Chris, how is the chessboard lining up for you this season, with just two episodes left?
Christopher Orr: Like Spencer, I was struck by Sandor Clegane’s reply to Beric Dondarrion: “Lots of horrible shit in this world gets done for something ‘larger than ourselves.’ ” That could serve as a worthy tagline for Game of Thrones overall. Whether it was Dany crucifying slavers by the dozens or Stannis sacrificing his daughter to the pyre, we’ve seen plenty of characters—admirable as well as not-so-admirable—who’ve done horrible things in service of a higher purpose.
But the storyline that most seemed to be playing off the Hound’s line was Jaime’s, which largely inverted it. The show has gotten so sprawling and scattered that it can be hard to recall, but Jaime Lannister has arguably had the most fascinating moral arc of anyone on the show. When we met him in the very first episode of the show, he was having sex with his sister and, when caught, threw a small boy (Bran) out a window to his presumed death. (Yes, I know what he said. Wait for it.)
Over multiple seasons, he was captured, broken, and un-handed (which, for a warrior like Jaime, was a very literal un-manning); and in large part through his relationship with Brienne, he became one of the most sympathetic, relatable characters on the entire show.
Tonight, Benioff and Weiss (who co-wrote this episode) seemed eager to play with all of this history. Jaime’s early scene with Brienne, trying to find a way past the essential fact that they are still on opposite sides of a war, was wonderfully scripted—especially when, after Brienne explicitly cited the possibility of direct battle, Jaime responded, “Let’s hope it doesn’t come to that.”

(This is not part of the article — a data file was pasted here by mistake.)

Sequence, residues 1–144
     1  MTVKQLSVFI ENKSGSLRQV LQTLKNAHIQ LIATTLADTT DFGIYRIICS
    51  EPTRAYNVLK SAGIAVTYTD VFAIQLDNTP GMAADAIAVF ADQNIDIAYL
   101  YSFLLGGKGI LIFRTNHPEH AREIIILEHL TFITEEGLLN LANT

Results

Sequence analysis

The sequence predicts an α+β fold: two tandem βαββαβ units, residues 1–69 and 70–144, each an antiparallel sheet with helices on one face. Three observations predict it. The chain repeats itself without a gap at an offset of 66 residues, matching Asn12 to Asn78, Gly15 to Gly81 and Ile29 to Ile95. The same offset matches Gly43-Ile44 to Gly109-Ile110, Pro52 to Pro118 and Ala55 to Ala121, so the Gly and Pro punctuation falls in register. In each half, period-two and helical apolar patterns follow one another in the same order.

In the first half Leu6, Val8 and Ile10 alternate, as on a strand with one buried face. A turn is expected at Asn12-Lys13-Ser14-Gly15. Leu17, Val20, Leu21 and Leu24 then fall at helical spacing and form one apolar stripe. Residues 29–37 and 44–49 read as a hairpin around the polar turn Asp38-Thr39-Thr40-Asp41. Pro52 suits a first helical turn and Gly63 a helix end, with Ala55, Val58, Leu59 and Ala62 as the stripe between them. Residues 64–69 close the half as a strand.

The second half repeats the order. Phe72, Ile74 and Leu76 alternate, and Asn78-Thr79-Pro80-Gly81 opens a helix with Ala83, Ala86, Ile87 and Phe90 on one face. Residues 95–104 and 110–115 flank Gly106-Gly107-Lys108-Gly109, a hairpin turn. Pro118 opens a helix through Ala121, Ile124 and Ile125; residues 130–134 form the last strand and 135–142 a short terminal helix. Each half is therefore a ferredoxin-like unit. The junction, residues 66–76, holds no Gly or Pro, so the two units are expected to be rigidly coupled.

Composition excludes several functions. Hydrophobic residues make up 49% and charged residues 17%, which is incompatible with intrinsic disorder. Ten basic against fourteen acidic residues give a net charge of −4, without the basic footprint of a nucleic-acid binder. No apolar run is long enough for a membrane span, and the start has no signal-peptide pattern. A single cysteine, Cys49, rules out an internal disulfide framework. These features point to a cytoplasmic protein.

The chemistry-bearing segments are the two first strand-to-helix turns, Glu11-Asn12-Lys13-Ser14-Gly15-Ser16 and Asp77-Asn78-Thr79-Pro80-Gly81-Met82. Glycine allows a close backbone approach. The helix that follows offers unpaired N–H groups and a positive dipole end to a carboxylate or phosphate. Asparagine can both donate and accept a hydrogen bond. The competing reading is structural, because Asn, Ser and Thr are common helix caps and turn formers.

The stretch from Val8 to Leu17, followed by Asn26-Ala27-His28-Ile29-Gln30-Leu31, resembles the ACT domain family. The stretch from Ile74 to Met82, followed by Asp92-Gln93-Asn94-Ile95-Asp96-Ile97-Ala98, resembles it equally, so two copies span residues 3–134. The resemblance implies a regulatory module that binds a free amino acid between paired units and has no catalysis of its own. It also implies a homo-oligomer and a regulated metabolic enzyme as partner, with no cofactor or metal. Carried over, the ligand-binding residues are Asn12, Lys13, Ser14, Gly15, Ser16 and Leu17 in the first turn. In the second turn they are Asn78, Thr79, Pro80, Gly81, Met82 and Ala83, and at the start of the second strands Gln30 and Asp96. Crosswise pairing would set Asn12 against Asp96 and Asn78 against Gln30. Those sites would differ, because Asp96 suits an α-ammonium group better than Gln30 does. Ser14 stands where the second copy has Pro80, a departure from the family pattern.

But Jaime’s next scene with Edmure Tully, equally well-written, elegantly complicated the moral picture. After Jaime offered to treat him better as a prisoner than the reprehensible Freys, Edmure replied, “You imagine yourself a decent person. Is that it?” It was an apt observation of a man who truly has always wanted to do the right thing—even, to his extraordinary credit, when the right thing meant disobeying all laws and vows to kill a mad king planning to torch an entire city of civilians. But Jaime’s weakness has always been his love for his twin sister, Cersei, which in addition to its inevitably extreme ick factor ties him forever to a sociopath. (Albeit one who, as he notes to Edmure, loves her children.)
And so Jaime came, in his way, full circle, threatening not only Edmure but the infant child Edmure had conceived in his one night of marriage before he was cast into the Frey’s dungeons. And he did it, not for something larger than himself, but for the simplest and most intimate of reasons. Lest we miss it, Jaime reprised the line (yep, here it comes) that he spoke after tossing Bran from the tower in episode one: “The things we do for love.”